The Penshurst guidebook explains: “Philip was born at Penshurst Place on 30 November 1554, and named after his godfather Philip II of Spain, husband of the then British monarch Mary I.” [Note: First-born daughter of Henry VIII, by his first wife, Catherine of Aragon. Mary, as Queen, was assigned the adjective “Bloody,” as she restored Roman Catholicism as the official religion of England.] “Intelligent and politically aware, he was to become a brave soldier and patron of the arts. Being a writer himself, he was intent on raising the standards of literature in England.” “Philip was only human—he was said to have a fierce temper and apparently capable of being recklessly extravagant, impetuous and inclined to be difficult. However, as a great figure of the English Renaissance, Sir Philip Sidney, Elizabethan heir to Penshurst Place, and nephew of the Queen’s favourite Robert Dudley, is justifiably praised for his literary work.” “Following his years at Christ Church, Oxford, Philip traveled extensively in Europe, mixing with many of its leading figures, poets and artists. On a later trip overseas, canvassing support for the formation of the Protestant League of Princes to oppose Catholic powers, he was to meet William, Prince of Orange, on whom Philip made a deep impression. He also spent considerable time at Penshurst and at court, waiting on Elizabeth I. Finally he gained the Queen’s reluctant permission to fight for the Protestant cause in the Low Countries, in a rebellion against Spain. In September 1586, on the battlefield at Zutphen, he was hit in the leg by a musket blast. As Philip lay mortally wounded he is said to have ignored his own thirst and passed his water bottle to one of the other soldiers, with the words: ‘Thy necessity is yet greater than mine,’ a phrase which has become immortalized in the English consciousness. In a matter of weeks, in Arnhem in the Netherlands, he had died from his wounds.” “Sir Philip was afforded the honour of a State funeral at St.Paul’s Cathedral, where he is buried. He was the first commoner to receive such a tribute, and it was not repeated until the death of Nelson, and later, Sir Winston Churchill, who had Sidney blood in his veins.”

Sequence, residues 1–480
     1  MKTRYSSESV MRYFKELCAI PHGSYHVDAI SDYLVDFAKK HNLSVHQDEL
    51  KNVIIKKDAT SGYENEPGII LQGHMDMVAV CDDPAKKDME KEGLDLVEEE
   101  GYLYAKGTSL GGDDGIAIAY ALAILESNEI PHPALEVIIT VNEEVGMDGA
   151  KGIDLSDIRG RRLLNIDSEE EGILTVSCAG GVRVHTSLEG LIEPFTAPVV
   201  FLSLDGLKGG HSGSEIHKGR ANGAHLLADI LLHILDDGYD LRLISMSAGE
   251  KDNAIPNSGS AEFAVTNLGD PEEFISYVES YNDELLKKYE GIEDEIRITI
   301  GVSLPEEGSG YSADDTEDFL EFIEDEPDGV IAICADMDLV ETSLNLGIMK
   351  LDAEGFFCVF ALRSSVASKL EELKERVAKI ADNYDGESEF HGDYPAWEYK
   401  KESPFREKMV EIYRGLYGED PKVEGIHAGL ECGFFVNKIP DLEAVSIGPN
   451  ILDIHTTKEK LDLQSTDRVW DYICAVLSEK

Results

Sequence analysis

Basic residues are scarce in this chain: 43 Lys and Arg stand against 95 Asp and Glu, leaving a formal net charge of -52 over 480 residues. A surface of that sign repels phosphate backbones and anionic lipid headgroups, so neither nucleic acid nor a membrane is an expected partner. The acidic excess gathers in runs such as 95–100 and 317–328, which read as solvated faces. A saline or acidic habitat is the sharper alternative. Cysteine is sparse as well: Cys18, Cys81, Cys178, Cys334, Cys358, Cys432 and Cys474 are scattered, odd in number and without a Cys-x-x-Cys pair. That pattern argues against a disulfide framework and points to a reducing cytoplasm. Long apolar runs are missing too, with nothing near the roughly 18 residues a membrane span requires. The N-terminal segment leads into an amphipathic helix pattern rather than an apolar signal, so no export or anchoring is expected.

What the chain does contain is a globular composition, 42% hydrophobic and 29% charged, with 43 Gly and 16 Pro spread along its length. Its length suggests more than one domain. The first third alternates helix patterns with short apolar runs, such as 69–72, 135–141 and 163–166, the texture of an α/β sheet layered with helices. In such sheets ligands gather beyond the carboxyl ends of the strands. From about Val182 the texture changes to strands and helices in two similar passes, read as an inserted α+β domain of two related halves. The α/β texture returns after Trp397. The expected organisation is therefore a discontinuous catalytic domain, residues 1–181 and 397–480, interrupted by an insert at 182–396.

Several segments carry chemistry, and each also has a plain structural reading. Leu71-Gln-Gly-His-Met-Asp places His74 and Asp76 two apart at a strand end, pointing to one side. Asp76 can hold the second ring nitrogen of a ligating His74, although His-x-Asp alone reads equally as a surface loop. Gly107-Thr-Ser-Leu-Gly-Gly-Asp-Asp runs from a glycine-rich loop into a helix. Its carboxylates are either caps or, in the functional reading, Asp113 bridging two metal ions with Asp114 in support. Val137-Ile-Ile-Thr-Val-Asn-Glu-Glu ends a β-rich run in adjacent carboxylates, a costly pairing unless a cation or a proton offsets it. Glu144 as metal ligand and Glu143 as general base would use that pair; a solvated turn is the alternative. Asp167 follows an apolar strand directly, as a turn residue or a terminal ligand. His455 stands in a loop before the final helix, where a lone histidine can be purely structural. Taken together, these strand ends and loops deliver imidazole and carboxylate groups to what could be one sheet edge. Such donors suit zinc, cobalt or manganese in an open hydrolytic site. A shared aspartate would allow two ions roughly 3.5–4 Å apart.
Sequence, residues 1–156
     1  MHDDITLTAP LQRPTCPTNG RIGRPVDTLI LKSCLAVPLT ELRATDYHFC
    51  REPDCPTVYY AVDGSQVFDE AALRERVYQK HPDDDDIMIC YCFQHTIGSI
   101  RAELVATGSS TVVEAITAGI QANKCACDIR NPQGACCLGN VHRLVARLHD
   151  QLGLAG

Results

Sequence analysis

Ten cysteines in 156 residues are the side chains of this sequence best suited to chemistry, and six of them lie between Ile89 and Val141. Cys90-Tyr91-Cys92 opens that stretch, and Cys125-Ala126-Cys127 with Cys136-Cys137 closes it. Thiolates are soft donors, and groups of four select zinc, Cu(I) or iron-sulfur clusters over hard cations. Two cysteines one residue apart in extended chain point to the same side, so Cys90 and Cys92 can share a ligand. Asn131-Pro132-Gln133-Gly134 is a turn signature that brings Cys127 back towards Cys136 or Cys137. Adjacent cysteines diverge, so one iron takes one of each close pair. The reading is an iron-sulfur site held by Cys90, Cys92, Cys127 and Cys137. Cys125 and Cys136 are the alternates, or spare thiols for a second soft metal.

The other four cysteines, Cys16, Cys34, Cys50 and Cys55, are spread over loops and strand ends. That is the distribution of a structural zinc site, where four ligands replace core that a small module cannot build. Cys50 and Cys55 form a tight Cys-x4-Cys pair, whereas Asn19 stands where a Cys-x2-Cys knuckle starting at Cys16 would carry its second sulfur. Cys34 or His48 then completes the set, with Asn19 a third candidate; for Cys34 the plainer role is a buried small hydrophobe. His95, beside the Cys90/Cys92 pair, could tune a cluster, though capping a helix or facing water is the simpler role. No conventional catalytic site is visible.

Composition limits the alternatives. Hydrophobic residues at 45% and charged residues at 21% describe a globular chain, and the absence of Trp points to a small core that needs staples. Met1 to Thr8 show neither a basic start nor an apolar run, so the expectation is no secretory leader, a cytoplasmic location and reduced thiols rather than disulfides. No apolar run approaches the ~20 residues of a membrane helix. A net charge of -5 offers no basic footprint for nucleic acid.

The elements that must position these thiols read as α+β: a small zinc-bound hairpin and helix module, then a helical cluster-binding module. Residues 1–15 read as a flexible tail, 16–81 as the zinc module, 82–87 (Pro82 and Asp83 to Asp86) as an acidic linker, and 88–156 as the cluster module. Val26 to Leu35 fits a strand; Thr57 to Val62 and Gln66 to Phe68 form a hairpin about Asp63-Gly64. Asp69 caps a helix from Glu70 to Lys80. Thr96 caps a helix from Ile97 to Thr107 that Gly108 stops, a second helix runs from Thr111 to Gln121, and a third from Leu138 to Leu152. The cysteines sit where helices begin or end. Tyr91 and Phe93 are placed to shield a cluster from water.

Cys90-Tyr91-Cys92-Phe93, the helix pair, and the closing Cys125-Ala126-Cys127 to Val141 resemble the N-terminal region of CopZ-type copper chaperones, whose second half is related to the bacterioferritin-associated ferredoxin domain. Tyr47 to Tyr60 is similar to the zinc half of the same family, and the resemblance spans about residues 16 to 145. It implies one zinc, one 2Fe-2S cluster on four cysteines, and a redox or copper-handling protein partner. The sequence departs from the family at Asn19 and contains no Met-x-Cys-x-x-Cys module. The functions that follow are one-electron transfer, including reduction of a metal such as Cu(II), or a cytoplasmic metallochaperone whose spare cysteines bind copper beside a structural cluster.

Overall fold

As Amanda led me into the Gardens at Penshurst, I could sense her excitement. For all of the places she’d taken me thus far in Kent, her enthusiasm and knowledge had been great, but as Amanda told me about the Baron’s Hall that we’d soon see at Penshurst, and which the writer John Julius Norwich has described as “one of the grandest rooms in the world,” I understood that Amanda has a special emotional attachment to Penshurst Place. As our time there passed, I began to feel the same affection for the elegant but comfortably understated gardens, and for the ancient House. And it was at Penshurst that Amanda introduced me to “The License to Crenellate” (more about this in a bit). HOW, as an architecture-buff, had I existed, for all my years, without knowing about such a Thing?
OK now…time for a bit of Crenellation-Explanation. In medieval England, before a homeowner could add crenellations to his roof line…